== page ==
CNME Deputy Editor Giorgia Guantario tuned into a virtual workshop organised by ICT leader Huawei to discuss 5G’s cybersecurity and roll-out.
The roll-out and security of 5G has been a very controversial issue in the past year – an issue that has only been amplified by the recent COVID-19 pandemic. The diatribe between the US and China has seen its epicentre in the form of Chinese-based ICT leader, Huawei, which has been suffering the consequences of the conflict between the two global superpowers.
While the US and China continue their trade war, the rollout of 5G in Europe has come to an alt and the continent has become the new battleground to determine who will win the conflict. While one might assume that the COVID-19 pandemic has also played a part in the slowdown of Europe’s 5G network, Hosuk Lee-Makiyama, Director of the European Centre for International Political Economy (ECIPE) explained this is not actually the case, during a virtual workshop organised by Huawei.
According to Lee-Makiyama, the 5G market is “basically split into two equal sizes” – China and the rest of the world. He explained, “Up to this point, I think it’s clear that China’s importance on the global market has been consolidated, both as a supplier through vendors like Huawei, but also due to the size of the market. The 5G market is basically split into two equal sizes: one market is China, which accounts for 50% of the global market, and the other half is the rest of the world.”
He continued by explaining that so far, only the US, Australia, Japan and South Korea significantly rolled out 5G outside of China – while Europe lags behind. The reason behind Europe’s delay, explained Lee-Makiyama, is not the recent COVID-19 outbreak, nor the much-debated security concerns of this technology.
“I’d like to make very clear that there has been a consistently lower demand in Europe for higher speed and lower latency, compared to North America and East Asia. This is also reflected by the fact that European consumers care a lot less about things like watching Netflix in HD, or doing their business on mobile. It’s a cultural issue which leads to a demand issue.”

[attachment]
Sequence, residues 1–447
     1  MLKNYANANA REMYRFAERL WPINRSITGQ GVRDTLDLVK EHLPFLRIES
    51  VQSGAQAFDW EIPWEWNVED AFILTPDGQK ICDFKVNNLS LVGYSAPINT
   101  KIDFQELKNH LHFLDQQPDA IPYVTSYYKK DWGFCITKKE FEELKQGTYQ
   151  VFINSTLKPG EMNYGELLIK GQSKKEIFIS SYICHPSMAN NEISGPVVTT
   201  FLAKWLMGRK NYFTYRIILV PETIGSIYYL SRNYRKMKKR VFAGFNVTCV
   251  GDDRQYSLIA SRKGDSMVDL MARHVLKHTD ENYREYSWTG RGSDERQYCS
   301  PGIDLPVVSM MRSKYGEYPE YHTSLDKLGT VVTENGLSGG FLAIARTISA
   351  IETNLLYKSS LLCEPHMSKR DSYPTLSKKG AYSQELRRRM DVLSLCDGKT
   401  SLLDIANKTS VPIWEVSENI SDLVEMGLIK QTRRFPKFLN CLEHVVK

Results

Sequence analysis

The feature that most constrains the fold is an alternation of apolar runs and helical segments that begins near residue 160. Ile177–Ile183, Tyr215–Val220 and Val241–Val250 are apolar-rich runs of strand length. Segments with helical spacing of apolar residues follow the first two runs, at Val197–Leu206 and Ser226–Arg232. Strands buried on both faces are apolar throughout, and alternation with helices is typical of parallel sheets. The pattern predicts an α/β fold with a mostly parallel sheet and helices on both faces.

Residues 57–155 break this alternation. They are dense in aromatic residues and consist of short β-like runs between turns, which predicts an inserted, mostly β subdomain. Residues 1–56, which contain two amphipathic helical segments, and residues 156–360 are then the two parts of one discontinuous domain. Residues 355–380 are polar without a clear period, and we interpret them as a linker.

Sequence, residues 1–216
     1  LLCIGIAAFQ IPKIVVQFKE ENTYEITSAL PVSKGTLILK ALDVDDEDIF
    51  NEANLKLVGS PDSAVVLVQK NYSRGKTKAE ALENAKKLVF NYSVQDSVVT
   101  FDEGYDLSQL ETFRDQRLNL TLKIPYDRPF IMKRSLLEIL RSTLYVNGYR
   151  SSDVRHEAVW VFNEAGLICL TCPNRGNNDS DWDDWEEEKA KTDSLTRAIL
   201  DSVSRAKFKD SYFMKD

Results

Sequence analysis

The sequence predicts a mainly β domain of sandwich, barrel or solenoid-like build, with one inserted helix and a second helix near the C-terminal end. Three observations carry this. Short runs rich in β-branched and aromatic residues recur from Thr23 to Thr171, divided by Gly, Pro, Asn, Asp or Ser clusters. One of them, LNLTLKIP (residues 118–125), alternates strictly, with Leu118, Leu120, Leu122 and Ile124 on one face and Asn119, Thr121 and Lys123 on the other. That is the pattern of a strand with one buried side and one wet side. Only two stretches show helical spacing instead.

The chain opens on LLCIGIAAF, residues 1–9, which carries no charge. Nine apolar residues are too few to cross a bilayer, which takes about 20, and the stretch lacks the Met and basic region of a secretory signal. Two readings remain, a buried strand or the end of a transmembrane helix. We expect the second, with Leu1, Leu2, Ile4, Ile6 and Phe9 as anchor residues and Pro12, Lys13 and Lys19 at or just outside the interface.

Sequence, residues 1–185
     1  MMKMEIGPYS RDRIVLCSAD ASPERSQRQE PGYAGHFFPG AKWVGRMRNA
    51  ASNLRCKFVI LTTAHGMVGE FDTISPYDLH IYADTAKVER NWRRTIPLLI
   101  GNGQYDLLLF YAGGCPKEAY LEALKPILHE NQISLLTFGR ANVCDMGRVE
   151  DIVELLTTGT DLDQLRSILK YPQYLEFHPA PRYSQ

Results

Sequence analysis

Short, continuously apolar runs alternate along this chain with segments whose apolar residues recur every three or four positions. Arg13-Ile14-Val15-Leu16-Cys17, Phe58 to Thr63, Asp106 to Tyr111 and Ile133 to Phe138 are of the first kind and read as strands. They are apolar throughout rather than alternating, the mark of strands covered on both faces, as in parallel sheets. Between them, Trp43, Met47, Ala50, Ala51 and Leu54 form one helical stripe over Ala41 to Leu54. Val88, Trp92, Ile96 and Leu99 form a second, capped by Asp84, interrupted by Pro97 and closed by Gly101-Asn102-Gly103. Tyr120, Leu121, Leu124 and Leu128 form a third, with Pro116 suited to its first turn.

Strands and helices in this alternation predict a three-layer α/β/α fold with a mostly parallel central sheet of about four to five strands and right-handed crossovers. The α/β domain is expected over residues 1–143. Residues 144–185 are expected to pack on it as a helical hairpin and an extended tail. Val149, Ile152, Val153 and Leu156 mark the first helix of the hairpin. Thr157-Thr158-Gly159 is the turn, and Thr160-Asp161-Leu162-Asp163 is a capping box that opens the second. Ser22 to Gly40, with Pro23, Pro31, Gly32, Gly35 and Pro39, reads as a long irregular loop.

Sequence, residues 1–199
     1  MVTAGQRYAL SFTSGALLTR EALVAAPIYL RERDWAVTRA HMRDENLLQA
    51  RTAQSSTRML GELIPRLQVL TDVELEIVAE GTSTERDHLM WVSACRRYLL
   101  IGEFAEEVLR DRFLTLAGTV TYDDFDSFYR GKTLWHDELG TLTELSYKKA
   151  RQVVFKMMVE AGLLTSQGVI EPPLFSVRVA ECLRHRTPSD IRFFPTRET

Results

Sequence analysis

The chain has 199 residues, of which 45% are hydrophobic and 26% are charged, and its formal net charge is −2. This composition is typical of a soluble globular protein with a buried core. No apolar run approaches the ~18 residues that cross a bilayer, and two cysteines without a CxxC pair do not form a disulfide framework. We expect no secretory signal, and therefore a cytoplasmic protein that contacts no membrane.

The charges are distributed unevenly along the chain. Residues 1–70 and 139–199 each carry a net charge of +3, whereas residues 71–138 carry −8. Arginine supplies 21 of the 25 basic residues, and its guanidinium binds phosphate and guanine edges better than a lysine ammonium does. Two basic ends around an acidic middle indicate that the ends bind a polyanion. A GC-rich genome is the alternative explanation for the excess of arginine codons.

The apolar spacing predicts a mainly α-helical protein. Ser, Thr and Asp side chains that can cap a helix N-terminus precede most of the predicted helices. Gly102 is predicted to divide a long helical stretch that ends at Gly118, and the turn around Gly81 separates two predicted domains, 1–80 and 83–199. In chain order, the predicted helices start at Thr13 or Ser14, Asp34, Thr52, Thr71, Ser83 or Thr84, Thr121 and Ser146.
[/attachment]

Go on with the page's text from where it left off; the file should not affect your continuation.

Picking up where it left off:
However, Lee-Makiyama also attributes the delay to the operators, who prioritise higher dividends to investors and higher share prices compared to the speed of the network.
Discussing the cybersecurity concerns related to 5G, the ECIPE Director explained that the EU 5G toolbox plays a pivotal role in the situation. The toolbox has in fact identified a number of risks both on a technical as well as strategic level, explained Lee-Makiyama.
“Many, if not all of the technical issue mentioned in the EU toolbox, can be addressed by the vendors currently on the market. However, vendors cannot mitigate strategic risks, such as state interference in the supply chain, by themselves and countries can’t mitigate them through diversification. In other words, if there is a risk of state interference in the supply chain of the mobile vendor, it can only be mitigated by strategic measures, which can include total exclusion of said vendor.”
Lee-Makiyama also explained that the EU-China relationship follows a very different geo-economics logic than the one between the US and China. Europe has had a transactional relationship with much of Asia, including China, and network equipment has followed a different order of interest. While the US can’t rely on any home manufacturers, Europe has two major players, Ericsson and Nokia, coming from two neutral countries. Because of this, network equipment has become a commercial interest for Europe, which seeks balance, rather than bifurcation.
The economist concluded by saying that the UK’s decision “may not serve as guidance for how the rest of Europe might act”, because of the different economic interests of the two entities and the UK’s higher security authorisation capacity and active defence capabilities.
“I heard that an EU country applying for authorization for a piece of network equipment might take six months, which in this industry are pretty much equivalent to six years. European countries might simply decide it’s not worth testing network equipment, so they might just allow it or ban it directly.”
Dr. Ir Johannes Drooghaag, Business Management Consultant, also joined the workshop by addressing the need for collaboration to resolve cybersecurity issues related to 5G.
Dr Doorghaag believes that the companies involved in the roll-out of 5G should come together and establish common standards and solutions. This could be achieved by sharing threat analysis and conduct similar testing and validation in order to improve cyber threats and concerns.
The business consultant also gave his take on the UK situation with Huawei, explaining that there is no proof behind the security concerns towards the Chinese-based vendor, and that the issue might be related to the political relationship between the UK and China.
He said, “Huawei will not leave the market – they will continue to be a significant player. If we cut them off from technology development or from parts suppliers, we are going to create a significant threat for cybersecurity.”
The workshop was concluded by Andy Purdy, Chief Security Officer, Huawei Technologies USA, who once again called for assurance and transparency in the market.
“Security through collaboration is absolutely essential. Huawei always strives to provide greater transparency and we encourage our competitors to do the same. We need to encourage market forces to incentivize and raise the bar of assurance and transparency by establishing common business best practices.”